Enough of the Grammy voters felt otherwise and awarded Beck. That’s fine. There have been worse slights in the Grammy Album of the Year category than Beyoncé losing to Beck. What about the 1996 awards, when Beck’s Odelay lost to Celine Dion’s Falling into You? Or in 2000, when Beck’s Midnight Vultures lost to Steely Dan’s Two Against Nature? Or in 2005, when U2’s Hot to Dismantle an Atomic Bomb beat Kanye’s Late Registration and in 2004, when Ray Charles & Friends’ Genius Loves Company beat Kanye’s The College Dropout and Green Day’s American Idiot? Steely Dan, U2 and Ray Charles have released many albums deserving of Album of the Year. These weren’t them. U2 should have won 1992’s Album of the Year for Achtung Baby. They lost to Eric Clapton Unplugged. In 2007, Kanye’s Graduation and Amy Winehouse’s Back to Black both lost Album of the Year to Herbie Hancock’s River: The Joni Letters, a record that literally nobody has ever heard. In 1980, Christopher Cross’ self-titled debut beat Pink Floyd’s The Wall. In 1966, The Beatles’ Revolver lost to Frank Sinatra’s A Man and His Music. In 2012, Mumford & Sons’ Babel beat albums by Frank Ocean, Jack White and The Black Keys. The nominees for 1984’s Album of the Year Grammy were Prince’s Purple Rain, Bruce Springsteen’s Born in the USA, Tina Turner’s Private Dancer, Cyndi Lauper’s She’s So Unusual, and Lionel Richie’s Can’t Slow Down. Four classic albums plus one by Lionel Richie. The winner? Lionel Richie! WTF on a stick?!?! In 1991 the Album of the Year Grammy didn’t go to R.E.M., nominated for Out of Time. It went to Natalie Cole’s Unforgettable…with Love. Eligible but not nominated that year? A little album called Nevermind by a band named Nirvana. Oh well, whatever. In 1982, Toto IV beat…it doesn’t matter who else was nominated. It’s Toto Fuckin’ IV, people.

It looks like Beyoncé will have to wait longer before she is in the same hallowed company as Toto.

In less contentious news this week, ISIS killed U.S. hostage Kayla Mueller, Boko Haram killed thirteen soldiers and 81 civilians in Chad, and the Chief Justice of Alabama’s Supreme Court forbade probate judges in that state to issue marriage license to same-sex couples, despite a judge’s ruling that such unions are legal and the U.S. Supreme Court refusing to issue a stay on that ruling.

Congratulations, Beck!

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Songs Of Great Social And Political Import (1980 – 2011)

Ringo + Maniacs
Today is the birthday of Natalie Merchant, former lead singer of 10,000 Maniacs, whose 1987 album In My Tribe is one of my favorites. The album opens with “What’s the Matter Here,” a song that addresses child abuse. That inspired the theme of today’s playlist – songs about social or political issues.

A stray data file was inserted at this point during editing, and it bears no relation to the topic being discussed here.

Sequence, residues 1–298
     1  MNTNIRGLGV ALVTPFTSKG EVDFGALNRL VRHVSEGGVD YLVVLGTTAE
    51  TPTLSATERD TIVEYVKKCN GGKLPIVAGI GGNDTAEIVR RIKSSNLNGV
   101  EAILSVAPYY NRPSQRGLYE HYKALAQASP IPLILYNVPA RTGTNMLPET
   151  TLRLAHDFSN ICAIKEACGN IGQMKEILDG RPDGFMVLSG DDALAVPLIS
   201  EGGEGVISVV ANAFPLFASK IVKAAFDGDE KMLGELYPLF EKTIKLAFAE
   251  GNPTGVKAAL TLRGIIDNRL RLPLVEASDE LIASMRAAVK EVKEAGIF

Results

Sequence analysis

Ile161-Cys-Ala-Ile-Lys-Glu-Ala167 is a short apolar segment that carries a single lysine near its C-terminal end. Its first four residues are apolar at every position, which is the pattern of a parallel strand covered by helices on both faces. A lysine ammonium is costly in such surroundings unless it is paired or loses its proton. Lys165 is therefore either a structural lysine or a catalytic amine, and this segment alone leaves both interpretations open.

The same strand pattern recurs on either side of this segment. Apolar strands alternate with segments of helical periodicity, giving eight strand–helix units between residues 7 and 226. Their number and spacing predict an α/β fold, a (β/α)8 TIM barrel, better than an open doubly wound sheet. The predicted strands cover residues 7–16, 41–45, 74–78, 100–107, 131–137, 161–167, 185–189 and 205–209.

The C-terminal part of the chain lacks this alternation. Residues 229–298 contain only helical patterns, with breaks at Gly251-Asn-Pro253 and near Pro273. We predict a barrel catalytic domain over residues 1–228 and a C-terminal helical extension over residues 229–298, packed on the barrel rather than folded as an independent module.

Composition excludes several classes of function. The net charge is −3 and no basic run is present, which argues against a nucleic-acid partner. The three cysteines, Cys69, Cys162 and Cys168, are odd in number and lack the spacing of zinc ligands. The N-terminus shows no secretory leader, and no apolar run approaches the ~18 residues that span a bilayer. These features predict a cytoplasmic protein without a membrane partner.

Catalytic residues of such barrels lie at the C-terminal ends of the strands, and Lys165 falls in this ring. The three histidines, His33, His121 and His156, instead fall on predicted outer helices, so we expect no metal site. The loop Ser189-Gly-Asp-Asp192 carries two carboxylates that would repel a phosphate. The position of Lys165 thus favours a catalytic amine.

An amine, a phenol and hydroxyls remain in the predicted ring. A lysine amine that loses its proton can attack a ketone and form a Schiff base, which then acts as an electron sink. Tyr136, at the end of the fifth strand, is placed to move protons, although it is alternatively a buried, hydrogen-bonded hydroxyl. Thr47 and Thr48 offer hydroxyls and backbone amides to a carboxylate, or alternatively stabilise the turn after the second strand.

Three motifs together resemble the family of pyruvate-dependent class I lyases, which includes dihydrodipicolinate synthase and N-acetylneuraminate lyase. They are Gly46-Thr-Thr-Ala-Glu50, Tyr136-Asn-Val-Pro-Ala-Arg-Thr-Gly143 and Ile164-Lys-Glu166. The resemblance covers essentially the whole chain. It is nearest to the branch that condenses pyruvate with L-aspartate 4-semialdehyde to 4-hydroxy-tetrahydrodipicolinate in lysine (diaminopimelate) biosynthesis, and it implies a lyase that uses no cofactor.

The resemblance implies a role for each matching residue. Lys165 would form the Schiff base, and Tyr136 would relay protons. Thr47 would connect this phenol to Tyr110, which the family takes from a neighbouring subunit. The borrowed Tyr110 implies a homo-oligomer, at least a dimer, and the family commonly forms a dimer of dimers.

While such recordings seemed more commonplace on the radio in the sixties and early seventies, there remain plenty of songs that speak to topical issues. I decided to make 1980 my starting point, with that year’s “Biko” by Peter Gabriel being the oldest song on the list. As the studio version is not on Spotify I used a live recording. The most recent recording included is Lady Gaga’s “Born This Way,” from 2011. Lots of great songs of different genres about a variety of topics populate the program. If you’re so inclined, let me know what favorites of yours I missed.

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A Story About Billie Joe, Not Bobbie Sue

Winston + Foxboro Hot Tubs 002b

Today Tunes du Jour celebrates the 42nd birthday of Billie Joe Armstrong, lead vocalist and guitarist of Foxboro Hot Tubs. The band Green Day made FHT’s track “Mother Mary” available as a free download on their web-site. Many listeners thought Foxboro Hot Tubs sounded similar to Green Day, prompting Armstrong to release the statement “The only similarity is that we are the same band.”

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Did You Know Sara Bareilles Released An Album This Year?

grammy plaqueI’ve worked on nearly every Grammy compilation release since the first one.

The nominees for the 56th annual Grammy Awards were announced last Friday. The nominations always elicit strong reactions from music fans. I’m pleased with many of the Academy’s selections (Go Kendrick Lamar and Daft Punk!) and puzzled by others (Ed Sheeran is nominated for Best New Artist. Last year he was nominated for Song of the Year. Was he pre-new then?).

Today’s Tunes du Jour playlist consists of some of the tracks that have won Record of the Year. I choose to focus on the positive. I refuse to bash the Grammy voters for when they got it wrong (such as, for example, when they gave Record of the Year to Bobby McFerrin for “Don’t Worry Be Happy.” What the hell was that about? That record won over Tracy Chapman’s “Fast Car.” Are you kidding me?).

Herewith are some of the better Record of the Year winners.